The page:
Friday, September 30, 2016

Melody Carlson's Annual Christmas Novel

For the past few years, I have enjoyed reading Melody Carlson's annual Christmas novels.  Every Fall, a new one comes out.  This year's novel is titled The Christmas Angel Project.  With this story, it's hard to explain the story without giving the crux of the plot away.  So, I'm not going to.  This story is one of 4 friends who grow and walk through some tough times together around Christmas.

Melody Carlson writes these novels like Hallmark Channel Christmas movies (since they're the only ones nowadays who really make cheesy movies like the story of these books).  But, they're fun to read.  There's something about Christmas that makes people think of healing, family, friends, and fellowship.  That's what this book is all about.

Does the plot flow?  Yes.  Are the characters flawed, yet likeable?  Yes.  Does the writing make it easy to picture the story?  Yes.  It's just fine.

If you enjoy tv movies or cheesy Christmas stories, you'll like this short story.  It would be fun and easy to read while sipping a cup of hot tea.

Please note that I received a complimentary copy of this book from Revell Books for review.

Books on my reading list...

Recently, I read two really good books.  They were very different from one another, though.  One was good and it took concentration and effort to read; while with the other, I made myself put it down after each chapter so that I could savor it and make it last.

The first book was The Blessing of Humility by Jerry Bridges.  This book was not what I expected.  It surprised me with insight that I had never understood before.  I'm in my 40s, yet I had always seen the Beattitudes as a group of verses that were grouped by pattern, rather than meaning.  In this book, I felt like Jerry Bridges opened my eyes to see the pyramid that the Beattitudes form--each verse building upon the previous to help us understand God's plan for our salvation.  The book was very insightful and helpful to me when I was teaching a group of 2nd to 5th graders about the Beattitudes this summer.   I found time and time again that the curriculum book missed the point of the verses.  I had to abandon the book and turn to Bridges' book for help understanding the verses and how they connect together.  If you have never delved into the Beattitudes, I would highly recommend this book!  I have always found Jerry Bridges' writing to be very easily understood and I found the same with this book.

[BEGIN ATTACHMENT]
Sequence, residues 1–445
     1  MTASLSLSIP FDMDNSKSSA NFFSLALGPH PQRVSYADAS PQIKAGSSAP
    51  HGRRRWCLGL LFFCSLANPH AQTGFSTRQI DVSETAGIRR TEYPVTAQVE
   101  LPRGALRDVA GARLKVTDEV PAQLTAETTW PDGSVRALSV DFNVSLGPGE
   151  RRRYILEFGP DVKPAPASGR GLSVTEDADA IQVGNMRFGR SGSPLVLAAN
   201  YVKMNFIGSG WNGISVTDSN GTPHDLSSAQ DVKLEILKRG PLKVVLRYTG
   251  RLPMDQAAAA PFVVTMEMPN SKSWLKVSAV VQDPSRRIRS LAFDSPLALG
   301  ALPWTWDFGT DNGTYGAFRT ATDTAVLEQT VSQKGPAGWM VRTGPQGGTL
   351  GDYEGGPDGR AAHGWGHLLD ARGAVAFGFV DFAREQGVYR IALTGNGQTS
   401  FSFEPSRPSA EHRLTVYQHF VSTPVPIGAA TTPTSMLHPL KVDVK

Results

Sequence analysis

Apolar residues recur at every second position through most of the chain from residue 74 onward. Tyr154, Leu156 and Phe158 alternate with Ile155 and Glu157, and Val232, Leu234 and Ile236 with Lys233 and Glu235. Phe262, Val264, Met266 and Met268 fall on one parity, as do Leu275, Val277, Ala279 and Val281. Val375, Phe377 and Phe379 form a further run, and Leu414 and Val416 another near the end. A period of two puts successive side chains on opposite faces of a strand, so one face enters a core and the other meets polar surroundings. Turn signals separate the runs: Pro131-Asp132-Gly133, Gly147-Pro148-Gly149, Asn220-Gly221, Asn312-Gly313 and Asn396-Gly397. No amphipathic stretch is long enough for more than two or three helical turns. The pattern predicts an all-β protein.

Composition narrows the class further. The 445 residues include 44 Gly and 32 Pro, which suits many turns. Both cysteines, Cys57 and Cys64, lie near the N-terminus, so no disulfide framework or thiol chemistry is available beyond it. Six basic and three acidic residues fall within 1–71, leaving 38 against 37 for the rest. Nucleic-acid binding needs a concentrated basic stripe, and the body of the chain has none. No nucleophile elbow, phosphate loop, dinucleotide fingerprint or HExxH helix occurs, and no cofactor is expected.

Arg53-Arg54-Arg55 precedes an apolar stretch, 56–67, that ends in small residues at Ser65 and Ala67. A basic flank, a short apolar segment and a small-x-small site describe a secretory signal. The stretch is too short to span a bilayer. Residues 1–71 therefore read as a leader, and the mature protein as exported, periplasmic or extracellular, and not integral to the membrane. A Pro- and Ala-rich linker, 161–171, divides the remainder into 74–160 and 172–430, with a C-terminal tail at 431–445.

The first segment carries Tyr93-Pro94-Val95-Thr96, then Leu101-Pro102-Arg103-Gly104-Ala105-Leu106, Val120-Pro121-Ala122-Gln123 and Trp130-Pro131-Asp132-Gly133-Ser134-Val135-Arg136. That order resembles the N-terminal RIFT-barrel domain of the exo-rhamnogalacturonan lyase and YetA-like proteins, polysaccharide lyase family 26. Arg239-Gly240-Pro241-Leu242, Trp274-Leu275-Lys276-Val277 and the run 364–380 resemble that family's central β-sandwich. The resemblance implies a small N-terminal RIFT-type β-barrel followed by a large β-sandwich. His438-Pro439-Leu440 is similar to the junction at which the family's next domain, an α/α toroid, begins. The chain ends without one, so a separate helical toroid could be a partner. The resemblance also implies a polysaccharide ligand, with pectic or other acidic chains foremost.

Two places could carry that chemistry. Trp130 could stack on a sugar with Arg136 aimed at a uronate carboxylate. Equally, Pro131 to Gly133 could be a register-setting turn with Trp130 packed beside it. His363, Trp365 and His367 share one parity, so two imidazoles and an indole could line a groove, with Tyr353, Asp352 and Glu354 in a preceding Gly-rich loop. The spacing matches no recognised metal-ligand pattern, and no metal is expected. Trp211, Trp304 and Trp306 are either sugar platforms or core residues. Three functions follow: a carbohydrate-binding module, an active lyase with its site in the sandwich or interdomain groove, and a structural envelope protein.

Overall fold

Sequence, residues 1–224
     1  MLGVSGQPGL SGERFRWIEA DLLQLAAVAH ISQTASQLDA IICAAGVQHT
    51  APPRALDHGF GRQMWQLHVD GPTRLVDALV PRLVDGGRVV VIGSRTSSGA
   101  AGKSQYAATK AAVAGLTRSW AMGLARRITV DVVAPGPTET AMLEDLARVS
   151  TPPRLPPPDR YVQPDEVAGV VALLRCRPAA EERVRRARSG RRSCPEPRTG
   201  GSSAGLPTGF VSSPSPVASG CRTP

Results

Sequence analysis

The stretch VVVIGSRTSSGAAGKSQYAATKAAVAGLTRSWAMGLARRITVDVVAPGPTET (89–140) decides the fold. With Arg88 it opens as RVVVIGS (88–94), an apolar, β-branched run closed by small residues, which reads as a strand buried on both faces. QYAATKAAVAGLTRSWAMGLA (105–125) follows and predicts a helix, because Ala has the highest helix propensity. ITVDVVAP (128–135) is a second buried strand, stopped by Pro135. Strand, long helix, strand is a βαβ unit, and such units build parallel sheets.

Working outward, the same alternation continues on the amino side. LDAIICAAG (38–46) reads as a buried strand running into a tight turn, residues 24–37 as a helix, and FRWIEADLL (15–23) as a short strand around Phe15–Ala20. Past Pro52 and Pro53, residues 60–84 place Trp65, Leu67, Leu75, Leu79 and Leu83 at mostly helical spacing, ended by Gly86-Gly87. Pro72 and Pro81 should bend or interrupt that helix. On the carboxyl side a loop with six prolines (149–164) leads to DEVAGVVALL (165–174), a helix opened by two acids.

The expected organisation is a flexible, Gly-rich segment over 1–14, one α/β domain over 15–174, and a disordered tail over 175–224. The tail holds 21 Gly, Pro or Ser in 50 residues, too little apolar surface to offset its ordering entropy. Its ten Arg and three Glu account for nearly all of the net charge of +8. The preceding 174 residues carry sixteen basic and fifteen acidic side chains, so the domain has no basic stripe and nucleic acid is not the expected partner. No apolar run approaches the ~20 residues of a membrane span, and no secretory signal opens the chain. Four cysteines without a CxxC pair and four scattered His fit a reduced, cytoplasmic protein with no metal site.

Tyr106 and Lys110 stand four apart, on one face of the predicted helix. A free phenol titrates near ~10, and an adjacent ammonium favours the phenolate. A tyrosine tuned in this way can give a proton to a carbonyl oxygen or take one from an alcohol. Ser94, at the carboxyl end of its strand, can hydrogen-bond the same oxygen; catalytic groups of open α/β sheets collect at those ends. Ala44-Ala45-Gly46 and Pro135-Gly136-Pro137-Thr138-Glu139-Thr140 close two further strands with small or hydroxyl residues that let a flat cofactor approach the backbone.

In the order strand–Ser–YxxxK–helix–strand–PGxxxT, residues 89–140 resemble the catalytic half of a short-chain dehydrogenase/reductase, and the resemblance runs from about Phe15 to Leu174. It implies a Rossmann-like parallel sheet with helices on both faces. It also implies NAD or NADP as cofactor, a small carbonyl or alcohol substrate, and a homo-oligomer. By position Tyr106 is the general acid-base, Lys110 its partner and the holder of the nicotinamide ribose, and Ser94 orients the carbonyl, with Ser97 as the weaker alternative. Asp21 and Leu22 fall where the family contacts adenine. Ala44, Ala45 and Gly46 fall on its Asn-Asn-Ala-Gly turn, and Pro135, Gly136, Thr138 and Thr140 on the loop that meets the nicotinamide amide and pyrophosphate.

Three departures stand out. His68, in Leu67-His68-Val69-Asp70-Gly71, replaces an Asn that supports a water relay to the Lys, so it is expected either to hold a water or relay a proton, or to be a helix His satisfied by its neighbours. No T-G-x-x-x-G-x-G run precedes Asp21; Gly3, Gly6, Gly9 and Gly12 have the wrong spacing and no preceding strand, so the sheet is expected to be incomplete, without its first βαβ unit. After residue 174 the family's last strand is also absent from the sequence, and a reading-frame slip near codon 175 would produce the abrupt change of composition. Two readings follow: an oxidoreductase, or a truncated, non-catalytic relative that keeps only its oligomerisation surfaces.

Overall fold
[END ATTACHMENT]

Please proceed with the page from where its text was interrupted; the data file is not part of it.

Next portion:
The second book on my desk is titled Ragged Hope:  Surviving the Fallout of Other People's Choices by Cynthia Ruchti.  I recently read several fiction books by this author and discovered this book by her on Amazon.  The title made me very curious because of my own life and some struggles close friends of mine are walking through.  Ms. Ruchti wrote a wonderful, encouraging book.  Each chapter of the book was about a crisis someone has walked through or is still walking through (some trials affect our lives for a lifetime).  After the stories, Ms. Ruchti talked about how God sustained the people and their perspectives.  She included questions at the end of each chapter about how the story might relate to you personally and then how it might relate to someone you know.  She includes wonderful suggestions about how we can love people better who find themselves in situations like these.